When Living With Your Autistic Child Becomes ‘Unsustainable’

I went with my daughter to see a mental health advisor. Her anxiety is out of control, her sleeping is poor and her eating almost non-existent. It is obvious my daughter is struggling and is on the cusp of being diagnosed with a mental health condition. The more my daughter talks and the more the advisor hears about home life, the more she shakes her head.

“This cannot continue,” she says with a sigh. “This level of anxiety is unsustainable.”

“Until the root cause of the difficulties is addressed,” she says looking right at me, “your daughter is never going to get well.”

“You already seem to know this. Will you help your daughter?”

She is asking me to put one child above another.

My son with severe autism is destroying his sister mentally and keeping them together is now “unsustainable.”

I had a long chat with the social worker. The hours of screaming, the self harming, the level of control that rules the entire house: it is killing my family. The smearing, the lack of sleep, the isolation: it is destroying my marriage. The violence and anger is damaging both physically and mentally to us all.

She gives me a stark choice: either one child will end up in a mental hospital or the other will need residential care.

Continuing as we are is not an option.

Then there are the parents. Both already on antidepressants, both exhausted and drained and barely functioning.

Love is not the question here: living is.

What do you do when caring for your autistic child becomes “unsustainable” for the rest of the family?

What if his unrelenting need for sameness means others are denied change too? What if his lack of sleep is physically exhausting everybody else? What if his meltdowns are so severe they are putting others at risk? What if his care needs mean siblings are denied having friends over and can never be part of the community they live in? What if his rigidity is so severe that nobody can have a haircut or even a new pair of glasses? What sort of effect does that have on a family?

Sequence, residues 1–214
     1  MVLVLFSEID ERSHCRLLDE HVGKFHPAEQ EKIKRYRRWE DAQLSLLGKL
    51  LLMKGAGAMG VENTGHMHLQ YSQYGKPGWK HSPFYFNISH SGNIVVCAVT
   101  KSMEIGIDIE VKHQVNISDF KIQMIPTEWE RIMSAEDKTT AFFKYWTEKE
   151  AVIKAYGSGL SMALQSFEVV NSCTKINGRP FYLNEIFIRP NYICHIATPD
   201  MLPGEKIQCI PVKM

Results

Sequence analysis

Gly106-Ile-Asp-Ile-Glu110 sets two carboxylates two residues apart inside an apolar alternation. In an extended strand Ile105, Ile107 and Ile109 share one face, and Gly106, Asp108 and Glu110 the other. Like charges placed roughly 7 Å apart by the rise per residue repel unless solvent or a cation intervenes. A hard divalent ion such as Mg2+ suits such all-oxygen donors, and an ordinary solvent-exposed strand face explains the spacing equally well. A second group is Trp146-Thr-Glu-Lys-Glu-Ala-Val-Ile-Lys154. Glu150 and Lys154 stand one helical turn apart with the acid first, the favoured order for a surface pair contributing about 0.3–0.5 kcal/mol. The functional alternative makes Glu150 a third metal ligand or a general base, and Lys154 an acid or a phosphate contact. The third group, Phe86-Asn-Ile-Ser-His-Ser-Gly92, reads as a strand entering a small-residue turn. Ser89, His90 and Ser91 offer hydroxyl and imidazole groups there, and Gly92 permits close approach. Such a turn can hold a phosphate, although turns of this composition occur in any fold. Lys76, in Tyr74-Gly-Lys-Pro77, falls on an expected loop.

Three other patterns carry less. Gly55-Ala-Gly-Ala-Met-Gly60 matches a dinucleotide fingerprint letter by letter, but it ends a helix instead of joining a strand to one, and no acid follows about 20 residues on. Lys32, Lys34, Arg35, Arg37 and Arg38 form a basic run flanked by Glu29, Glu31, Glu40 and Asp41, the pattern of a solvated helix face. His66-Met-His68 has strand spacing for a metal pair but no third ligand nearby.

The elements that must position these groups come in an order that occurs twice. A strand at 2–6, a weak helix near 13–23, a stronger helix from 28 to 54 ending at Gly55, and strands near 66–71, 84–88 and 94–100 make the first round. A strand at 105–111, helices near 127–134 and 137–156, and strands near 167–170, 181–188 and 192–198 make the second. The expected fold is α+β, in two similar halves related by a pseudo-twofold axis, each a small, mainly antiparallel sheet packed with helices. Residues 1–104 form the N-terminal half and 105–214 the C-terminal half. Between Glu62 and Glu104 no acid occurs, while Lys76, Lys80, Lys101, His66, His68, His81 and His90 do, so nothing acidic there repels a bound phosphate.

Is love enough when damage is being done daily to everyone, both mentally and physically, by keeping the child with autism at home with his family?

He is my child, my heartbeat, my every breath, my all.

I can’t let go of him, but I am not sure I should keep him either.

This is not bad parenting; this is life with severe autism. 

I am doing my best with insufficient support. So many families are in the same place.

Love is not the question, living is.

Can I actually admit to myself that living with my own autistic son is “unsustainable”?

The Autism-Friendly Products We REALLY Want

When your child has autism and disabilities, you start to notice as they get older that some products you’d like to buy just aren’t easy to get hold of — or available at all. And, if they are, you can guarantee that there will be a disability price tag attached to it! You know that one where they multiply the normal price by ten, adding lots of extra zeros?